When it comes to recommending the Response or Spectrum to tennis players, it’s probably going to be hit or miss. Most tennis players that I know prefer to use a top-heavy paddle like the Bantam EX-L or the Engage Poach Advantage. Considering this, I can’t entirely recommend the Spectrum or Response, but of course, that’s in the eye of the beholder.

But overall, if you love top-heavy paddles, you’re probably not going to like either of these paddles.

Personally, I’ve already made the switch from the Paddletek Tempest Wave to the Prince Response Pro. Don’t get me wrong, the Tempest Wave is a fantastic paddle, but the Response is just giving me more of what I need: consistency and accuracy. Yes, I lose that explosive feeling of a Tempest Wave smash. But I gain more forgiveness, which is what’s truly important.

If you don’t mind a paddle that isn’t top-heavy and you want more consistency, I would start looking at this paddle seriously.

Just give it a shot

If it’s feasible, I recommend giving this paddle a try. Even if you don’t like top-heavy paddles, just give it a shot.

Having played with this paddle for a week or so, I can confidently conclude that it has aided me in upping my game. My mishits have gone down significantly and my consistency has improved remarkably. If you do give it a shot, please let me know what you think!

Comments 20

  1. Pingback: The Best Pickleball Paddles To Look For In 2019 - Holy Family Pickleball Club

    1. Post
      Author

      The Prince Spectrum will have a shorter handle, will feel significantly lighter and won’t have as much power.

  2. My Response Pro was in the mailbox when I got home from playing pickleball this morning. Now I am going to be itching to play until Sunday night.

    The core is softer than my Epic Prime but less spongy than the Amped Epic I was test driving. However, just bouncing a ball on it I can already tell that the sweet spot is monstrous and should have as much, or more, vibration dampening ability as the Amped Epic. It just uses the large sweet spot in place of the spongier core to do so. Can’t wait to get back out and hit a few.

    Thanks for the terrific review!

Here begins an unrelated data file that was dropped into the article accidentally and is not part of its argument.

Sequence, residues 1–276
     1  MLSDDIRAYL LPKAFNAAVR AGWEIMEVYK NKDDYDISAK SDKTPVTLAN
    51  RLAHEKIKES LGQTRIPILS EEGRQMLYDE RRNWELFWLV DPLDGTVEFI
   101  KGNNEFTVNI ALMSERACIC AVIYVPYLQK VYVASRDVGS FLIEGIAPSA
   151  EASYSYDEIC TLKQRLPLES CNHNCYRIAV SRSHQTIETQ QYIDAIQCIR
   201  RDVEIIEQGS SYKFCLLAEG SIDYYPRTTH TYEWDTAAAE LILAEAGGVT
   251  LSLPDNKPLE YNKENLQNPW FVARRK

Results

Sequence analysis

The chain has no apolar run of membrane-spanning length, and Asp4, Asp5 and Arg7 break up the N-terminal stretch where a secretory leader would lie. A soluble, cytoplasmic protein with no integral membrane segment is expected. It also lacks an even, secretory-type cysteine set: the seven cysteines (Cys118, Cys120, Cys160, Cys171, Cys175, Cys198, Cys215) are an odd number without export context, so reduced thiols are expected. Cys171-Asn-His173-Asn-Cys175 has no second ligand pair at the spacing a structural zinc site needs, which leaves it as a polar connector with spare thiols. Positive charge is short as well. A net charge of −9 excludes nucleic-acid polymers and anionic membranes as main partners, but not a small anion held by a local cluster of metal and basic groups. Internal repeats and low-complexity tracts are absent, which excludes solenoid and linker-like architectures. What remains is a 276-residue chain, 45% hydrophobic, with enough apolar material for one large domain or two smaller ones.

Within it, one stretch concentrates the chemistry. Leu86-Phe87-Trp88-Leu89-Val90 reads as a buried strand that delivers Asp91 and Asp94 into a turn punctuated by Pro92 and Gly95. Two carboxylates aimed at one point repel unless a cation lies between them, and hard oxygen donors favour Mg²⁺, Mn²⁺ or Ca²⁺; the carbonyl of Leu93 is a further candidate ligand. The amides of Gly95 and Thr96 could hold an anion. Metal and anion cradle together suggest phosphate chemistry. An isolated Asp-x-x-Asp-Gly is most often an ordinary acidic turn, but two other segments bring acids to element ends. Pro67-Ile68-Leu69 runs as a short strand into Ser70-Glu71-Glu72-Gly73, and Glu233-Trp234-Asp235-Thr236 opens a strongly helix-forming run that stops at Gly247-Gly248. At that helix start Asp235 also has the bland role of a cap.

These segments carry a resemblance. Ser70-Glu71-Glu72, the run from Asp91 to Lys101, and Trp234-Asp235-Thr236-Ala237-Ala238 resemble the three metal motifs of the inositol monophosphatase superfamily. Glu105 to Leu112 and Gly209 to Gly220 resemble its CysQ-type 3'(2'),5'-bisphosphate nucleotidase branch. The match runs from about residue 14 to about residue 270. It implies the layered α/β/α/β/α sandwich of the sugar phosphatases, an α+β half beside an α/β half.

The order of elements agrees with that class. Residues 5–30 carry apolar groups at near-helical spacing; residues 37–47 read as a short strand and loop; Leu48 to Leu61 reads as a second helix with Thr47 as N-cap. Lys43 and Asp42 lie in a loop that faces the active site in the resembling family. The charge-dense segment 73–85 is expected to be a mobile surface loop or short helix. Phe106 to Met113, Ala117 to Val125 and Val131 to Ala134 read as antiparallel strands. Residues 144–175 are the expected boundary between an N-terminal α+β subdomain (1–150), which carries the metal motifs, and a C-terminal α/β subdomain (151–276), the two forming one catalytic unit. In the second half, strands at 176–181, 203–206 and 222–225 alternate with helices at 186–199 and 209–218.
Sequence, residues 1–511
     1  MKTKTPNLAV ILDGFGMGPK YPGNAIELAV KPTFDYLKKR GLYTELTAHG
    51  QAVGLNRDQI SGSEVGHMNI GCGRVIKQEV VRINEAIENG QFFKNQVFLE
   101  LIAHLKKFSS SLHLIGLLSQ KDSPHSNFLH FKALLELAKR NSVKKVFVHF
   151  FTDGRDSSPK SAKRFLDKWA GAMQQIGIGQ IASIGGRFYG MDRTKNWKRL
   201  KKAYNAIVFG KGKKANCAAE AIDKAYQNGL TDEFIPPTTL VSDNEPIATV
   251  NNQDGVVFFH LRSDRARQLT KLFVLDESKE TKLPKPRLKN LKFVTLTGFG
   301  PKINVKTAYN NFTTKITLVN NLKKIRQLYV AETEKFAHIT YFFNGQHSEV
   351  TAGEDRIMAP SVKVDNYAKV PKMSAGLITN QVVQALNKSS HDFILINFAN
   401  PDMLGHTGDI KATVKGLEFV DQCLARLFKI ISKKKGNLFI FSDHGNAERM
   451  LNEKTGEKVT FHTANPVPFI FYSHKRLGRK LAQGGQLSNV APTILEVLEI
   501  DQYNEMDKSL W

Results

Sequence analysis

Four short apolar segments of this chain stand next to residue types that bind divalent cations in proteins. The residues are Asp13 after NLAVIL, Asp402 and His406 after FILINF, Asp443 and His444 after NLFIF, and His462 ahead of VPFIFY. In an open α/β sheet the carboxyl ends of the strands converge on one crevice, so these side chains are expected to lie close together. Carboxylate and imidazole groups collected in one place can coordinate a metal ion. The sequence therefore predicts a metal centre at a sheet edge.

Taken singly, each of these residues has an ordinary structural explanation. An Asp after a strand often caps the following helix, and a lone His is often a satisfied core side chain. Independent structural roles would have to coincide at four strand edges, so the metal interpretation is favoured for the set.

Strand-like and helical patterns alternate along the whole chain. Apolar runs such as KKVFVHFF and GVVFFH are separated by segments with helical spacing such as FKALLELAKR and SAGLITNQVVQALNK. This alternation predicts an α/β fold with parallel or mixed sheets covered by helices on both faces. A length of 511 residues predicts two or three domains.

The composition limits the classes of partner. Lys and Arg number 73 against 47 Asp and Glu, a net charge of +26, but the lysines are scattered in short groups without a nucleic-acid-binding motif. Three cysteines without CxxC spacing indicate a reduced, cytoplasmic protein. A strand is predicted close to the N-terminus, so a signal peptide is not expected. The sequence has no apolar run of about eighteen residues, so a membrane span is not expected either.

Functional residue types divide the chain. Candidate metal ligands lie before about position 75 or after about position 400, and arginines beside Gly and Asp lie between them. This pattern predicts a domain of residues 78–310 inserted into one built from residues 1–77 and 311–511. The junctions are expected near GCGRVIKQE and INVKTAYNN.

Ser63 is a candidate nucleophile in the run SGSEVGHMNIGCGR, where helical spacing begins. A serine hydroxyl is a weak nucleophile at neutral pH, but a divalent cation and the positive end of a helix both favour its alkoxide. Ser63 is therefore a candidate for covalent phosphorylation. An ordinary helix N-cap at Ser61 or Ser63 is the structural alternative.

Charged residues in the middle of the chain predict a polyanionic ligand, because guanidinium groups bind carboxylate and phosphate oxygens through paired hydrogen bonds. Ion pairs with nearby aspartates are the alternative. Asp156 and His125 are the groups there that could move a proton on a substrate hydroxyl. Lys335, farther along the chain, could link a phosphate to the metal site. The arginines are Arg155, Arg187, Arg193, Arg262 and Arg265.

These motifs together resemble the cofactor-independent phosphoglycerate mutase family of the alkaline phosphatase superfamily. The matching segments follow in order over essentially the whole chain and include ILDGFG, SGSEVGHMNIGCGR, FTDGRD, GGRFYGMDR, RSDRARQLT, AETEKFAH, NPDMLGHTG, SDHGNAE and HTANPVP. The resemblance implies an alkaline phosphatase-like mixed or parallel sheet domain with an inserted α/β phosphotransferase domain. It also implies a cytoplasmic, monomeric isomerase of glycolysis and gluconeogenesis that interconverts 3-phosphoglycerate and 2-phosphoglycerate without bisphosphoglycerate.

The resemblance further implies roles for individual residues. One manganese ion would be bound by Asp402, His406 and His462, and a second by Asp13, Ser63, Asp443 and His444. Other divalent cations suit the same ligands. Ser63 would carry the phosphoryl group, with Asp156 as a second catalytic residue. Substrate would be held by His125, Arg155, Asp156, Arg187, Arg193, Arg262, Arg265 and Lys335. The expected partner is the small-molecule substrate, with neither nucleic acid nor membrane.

1. Post
      Author

      You’re welcome, Rick! Yeah, it’s going to be very, very different than your Epic Prime for sure! Let me know how it goes!

      1. Man, this bad boy is everything you claimed it to be! The Responce Pro (I went orange) seems to be all sweet spot. My only problem is catching the edge or even the plastic piece where the grip attachs. That, of course, is not the paddle’s fault as I’m still reorienting from tennis.

        I haven’t really noticed a loss of power from it, as compared to my Selkirk Epic Prime. Seems like it will hit as hard as you want to to.

        Again, small sample size, I’ve only tried three different paddles but, boy, they all had different “personalities”. I can see why you like the Prince Responce Pro so much!

        1. Post
          Author

          Amazing isn’t it? For that issue, try to not hit the ball with your hand. When you’re swinging through, trust the fact that there’s much more paddle away from your hand than you think. When people are hitting the ball on their handle, it’s typically because they’re unconsciously trying to hit with their hand. Let me know if that helps.

  3. Hi Barrett –

    The Prince models are really interesting. They don’t seem to have partnered with too many of the online retailers.

    I’m nitpicky on the grip. While I can do some mods, I really hate having to do too much. Could you please comment a bit more about the grip shape? Looks like it is 8-sided like a tennis grip (which would be awesome). Some makers seem to only have the 4 sides. Also is it more square or is it more of a rectangle? Finally, the butt cap looks a bit different (almost like a bulb) than the usual ones seen on other manufacturers. Wondering if that is actually the case or just the way they slapped on the grip?